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Is alcoholism a disease?

Home Resources Is alcoholism a disease?

Is alcoholism a disease?

Alcohol use disorder is a disease of the brain. Over-consumption literally changes brain chemistry, and as tolerance to alcohol increases, the person must use more and more to feel the same effects, further damaging both the body and brain. Those who are dependent on alcohol seem to drink at the expense of essentially everything and everyone around them – even the people they love dearly.

Addiction shares the following characteristics with other chronic diseases, like heart disease or diabetes.

  • A tendency to run in the family
  • Influenced by environmental conditions and behaviors
  • The ability to respond to appropriate treatment

Many people wonder: What causes alcoholism? Addiction is physiological, psychological, and can be all-encompassing. And its broader impact can take devastating toll on family life as well.

There are three major areas where this disease manifests significant negative effects:

Lack of control

Once the brain has been affected by a substance to the extent that happens when someone is addicted, sheer willpower will not be sufficient for them to maintain a healthy lifestyle. Many people can quit for a day or a week, even months, but once they start using again, the substance use seems to develop a life of itself.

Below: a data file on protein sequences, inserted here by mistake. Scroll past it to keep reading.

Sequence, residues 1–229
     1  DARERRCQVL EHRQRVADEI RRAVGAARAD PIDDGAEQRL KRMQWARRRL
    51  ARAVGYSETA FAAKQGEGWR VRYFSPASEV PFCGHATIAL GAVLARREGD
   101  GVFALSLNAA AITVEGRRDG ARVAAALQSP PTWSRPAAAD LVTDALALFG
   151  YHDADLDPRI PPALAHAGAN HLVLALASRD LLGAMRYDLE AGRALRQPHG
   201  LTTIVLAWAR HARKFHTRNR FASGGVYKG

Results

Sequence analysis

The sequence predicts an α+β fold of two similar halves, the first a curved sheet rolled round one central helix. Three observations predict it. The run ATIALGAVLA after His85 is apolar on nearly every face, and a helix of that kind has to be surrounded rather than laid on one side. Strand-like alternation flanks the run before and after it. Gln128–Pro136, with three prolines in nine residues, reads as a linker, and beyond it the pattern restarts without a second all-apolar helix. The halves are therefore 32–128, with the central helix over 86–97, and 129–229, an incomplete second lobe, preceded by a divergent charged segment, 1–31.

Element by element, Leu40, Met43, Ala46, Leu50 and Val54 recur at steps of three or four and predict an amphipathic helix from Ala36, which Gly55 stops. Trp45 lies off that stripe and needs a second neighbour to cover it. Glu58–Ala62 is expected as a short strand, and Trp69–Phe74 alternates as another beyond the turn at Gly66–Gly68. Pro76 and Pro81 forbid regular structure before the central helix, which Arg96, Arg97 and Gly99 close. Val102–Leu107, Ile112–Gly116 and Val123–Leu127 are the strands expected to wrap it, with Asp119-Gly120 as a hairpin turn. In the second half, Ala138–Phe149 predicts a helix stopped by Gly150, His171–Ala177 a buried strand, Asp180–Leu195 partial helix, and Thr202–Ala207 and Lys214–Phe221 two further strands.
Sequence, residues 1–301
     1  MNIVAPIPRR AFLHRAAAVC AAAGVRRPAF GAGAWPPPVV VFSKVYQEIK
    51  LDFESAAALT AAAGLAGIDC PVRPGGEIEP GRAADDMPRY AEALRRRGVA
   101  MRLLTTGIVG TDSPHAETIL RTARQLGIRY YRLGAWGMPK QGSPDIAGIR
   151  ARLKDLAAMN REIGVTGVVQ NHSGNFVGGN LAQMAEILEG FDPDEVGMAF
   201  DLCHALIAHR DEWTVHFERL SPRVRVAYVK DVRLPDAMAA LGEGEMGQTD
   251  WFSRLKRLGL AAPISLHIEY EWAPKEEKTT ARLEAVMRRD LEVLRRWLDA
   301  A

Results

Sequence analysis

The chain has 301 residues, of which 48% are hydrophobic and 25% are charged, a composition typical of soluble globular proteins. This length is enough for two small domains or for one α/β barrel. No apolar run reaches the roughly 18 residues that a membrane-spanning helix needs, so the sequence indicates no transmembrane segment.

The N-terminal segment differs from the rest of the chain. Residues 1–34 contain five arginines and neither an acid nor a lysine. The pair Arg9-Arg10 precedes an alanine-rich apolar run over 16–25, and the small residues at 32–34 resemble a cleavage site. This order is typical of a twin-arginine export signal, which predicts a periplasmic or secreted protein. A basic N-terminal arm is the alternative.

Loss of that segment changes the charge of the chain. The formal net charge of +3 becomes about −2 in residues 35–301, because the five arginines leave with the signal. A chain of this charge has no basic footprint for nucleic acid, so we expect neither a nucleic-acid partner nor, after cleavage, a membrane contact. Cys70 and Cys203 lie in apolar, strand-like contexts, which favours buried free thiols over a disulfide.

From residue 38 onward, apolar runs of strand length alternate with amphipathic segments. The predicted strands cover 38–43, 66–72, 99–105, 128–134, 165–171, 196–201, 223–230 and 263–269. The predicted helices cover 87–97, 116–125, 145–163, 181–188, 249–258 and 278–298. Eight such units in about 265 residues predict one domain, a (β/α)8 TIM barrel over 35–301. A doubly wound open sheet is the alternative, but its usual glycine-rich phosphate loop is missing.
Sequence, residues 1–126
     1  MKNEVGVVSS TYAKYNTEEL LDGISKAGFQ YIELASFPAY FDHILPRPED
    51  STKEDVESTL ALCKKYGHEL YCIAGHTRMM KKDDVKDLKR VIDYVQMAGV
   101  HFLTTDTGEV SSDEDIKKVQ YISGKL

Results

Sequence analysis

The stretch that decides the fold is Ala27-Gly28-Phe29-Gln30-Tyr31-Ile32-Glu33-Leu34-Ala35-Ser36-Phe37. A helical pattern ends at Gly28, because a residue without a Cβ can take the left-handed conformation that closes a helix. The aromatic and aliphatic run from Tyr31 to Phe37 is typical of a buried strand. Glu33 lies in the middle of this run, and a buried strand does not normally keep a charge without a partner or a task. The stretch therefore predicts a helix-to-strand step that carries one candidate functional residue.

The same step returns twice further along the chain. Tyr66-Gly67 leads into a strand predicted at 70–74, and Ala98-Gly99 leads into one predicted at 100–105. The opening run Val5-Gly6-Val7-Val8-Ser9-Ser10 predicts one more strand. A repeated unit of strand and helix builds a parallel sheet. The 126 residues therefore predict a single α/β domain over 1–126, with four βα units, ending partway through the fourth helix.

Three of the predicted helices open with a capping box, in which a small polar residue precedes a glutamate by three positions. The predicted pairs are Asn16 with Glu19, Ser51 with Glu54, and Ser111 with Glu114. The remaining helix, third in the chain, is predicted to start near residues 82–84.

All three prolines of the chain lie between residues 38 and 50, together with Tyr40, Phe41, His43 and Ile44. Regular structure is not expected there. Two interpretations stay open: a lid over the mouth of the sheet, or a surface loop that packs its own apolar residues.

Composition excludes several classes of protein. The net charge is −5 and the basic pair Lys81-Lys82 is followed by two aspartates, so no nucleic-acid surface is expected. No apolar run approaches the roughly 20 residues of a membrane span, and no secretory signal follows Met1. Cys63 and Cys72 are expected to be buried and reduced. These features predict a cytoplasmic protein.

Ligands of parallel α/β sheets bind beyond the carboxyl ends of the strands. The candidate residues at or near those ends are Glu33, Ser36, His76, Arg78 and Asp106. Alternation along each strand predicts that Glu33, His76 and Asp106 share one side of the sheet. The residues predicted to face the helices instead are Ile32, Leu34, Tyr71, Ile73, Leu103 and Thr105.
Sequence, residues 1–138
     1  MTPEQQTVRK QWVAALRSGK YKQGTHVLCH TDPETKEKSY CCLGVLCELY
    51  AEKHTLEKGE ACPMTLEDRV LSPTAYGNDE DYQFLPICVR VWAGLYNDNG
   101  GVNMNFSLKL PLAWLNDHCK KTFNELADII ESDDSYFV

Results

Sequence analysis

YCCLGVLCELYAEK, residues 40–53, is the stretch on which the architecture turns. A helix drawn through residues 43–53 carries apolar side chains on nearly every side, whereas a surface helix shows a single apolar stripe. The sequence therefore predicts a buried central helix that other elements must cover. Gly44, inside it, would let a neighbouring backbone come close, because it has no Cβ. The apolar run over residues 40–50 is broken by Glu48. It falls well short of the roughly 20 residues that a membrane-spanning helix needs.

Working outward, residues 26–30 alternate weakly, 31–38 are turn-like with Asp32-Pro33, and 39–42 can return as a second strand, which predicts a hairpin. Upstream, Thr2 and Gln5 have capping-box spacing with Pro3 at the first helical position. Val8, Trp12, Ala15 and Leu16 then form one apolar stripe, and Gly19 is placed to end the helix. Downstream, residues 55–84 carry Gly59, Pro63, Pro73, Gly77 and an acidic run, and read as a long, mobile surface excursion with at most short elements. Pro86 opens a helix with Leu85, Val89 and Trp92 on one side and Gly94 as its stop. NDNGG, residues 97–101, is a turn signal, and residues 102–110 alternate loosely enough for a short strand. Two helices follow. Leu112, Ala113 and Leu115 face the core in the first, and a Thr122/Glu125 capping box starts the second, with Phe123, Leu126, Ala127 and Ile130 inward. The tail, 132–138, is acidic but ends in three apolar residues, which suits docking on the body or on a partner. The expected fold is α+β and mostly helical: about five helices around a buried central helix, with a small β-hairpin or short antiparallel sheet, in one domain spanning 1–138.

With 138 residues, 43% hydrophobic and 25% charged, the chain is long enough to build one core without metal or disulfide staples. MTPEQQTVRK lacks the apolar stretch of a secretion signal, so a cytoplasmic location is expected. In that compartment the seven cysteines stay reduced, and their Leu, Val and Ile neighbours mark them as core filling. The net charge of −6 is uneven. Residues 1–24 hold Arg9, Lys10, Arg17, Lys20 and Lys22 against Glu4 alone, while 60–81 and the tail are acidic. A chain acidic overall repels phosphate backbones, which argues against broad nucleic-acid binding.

Perhaps the most defining symptom of alcohol use disorder is a loss of control over use – how much they use, when they use, stopping their use, etc. If your loved one can’t “just quit,” consider this: our brains are physiologically altered by addiction, and therefore, our normal sense of willpower is compromised. The usual energy and determination with which your loved one would normally pursue their goals are simply not available when it comes to them addressing addiction on their own. No amount of self-shaming or denial will change this fact.

Damage to the brain

Long term, heavy drinking can cause extensive structural changes in the brain. The nature and extent of the physical toll on brain health varies depending on the age of the person, and the amount of alcohol being consumed. This damage can inhibit functioning, including reaction times, decision-making, and even the ability to learn new things.

Damage to the body

Chronic abuse of alcohol is incredibly damaging to the human body and is an extraordinarily frequent cause of avoidable or preventable deaths. It is well known there are detrimental effects on one’s liver, heart, and brain. Other potential effects include:

  • Mouth cancer
  • Pancreatitis
  • High blood pressure
  • Stroke
  • Conditions caused by risky sexual behaviors related to alcohol use
  • Injury or death from motor vehicle crashes, falls, drowning, homicide, suicide, domestic violence, or fetal alcohol syndrome.

It’s clear that the scope of the potential consequences is enormous, but chances are, that’s not new information for you. If you’ve been watching a loved one slip away from alcohol problems or addiction, you are likely all too familiar with some of these consequences.



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